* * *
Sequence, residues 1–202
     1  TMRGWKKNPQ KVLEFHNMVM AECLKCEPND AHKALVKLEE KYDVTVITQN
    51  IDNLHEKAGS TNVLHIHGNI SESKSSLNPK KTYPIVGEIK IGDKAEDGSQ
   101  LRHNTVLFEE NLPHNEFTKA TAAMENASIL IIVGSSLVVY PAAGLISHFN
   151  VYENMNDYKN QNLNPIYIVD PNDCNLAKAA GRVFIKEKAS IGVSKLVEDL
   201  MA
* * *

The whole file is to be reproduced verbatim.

Sequence, residues 1–202
     1  TMRGWKKNPQ KVLEFHNMVM AECLKCEPND AHKALVKLEE KYDVTVITQN
    51  IDNLHEKAGS TNVLHIHGNI SESKSSLNPK KTYPIVGEIK IGDKAEDGSQ
   101  LRHNTVLFEE NLPHNEFTKA TAAMENASIL IIVGSSLVVY PAAGLISHFN
   151  VYENMNDYKN QNLNPIYIVD PNDCNLAKAA GRVFIKEKAS IGVSKLVEDL
   201  MA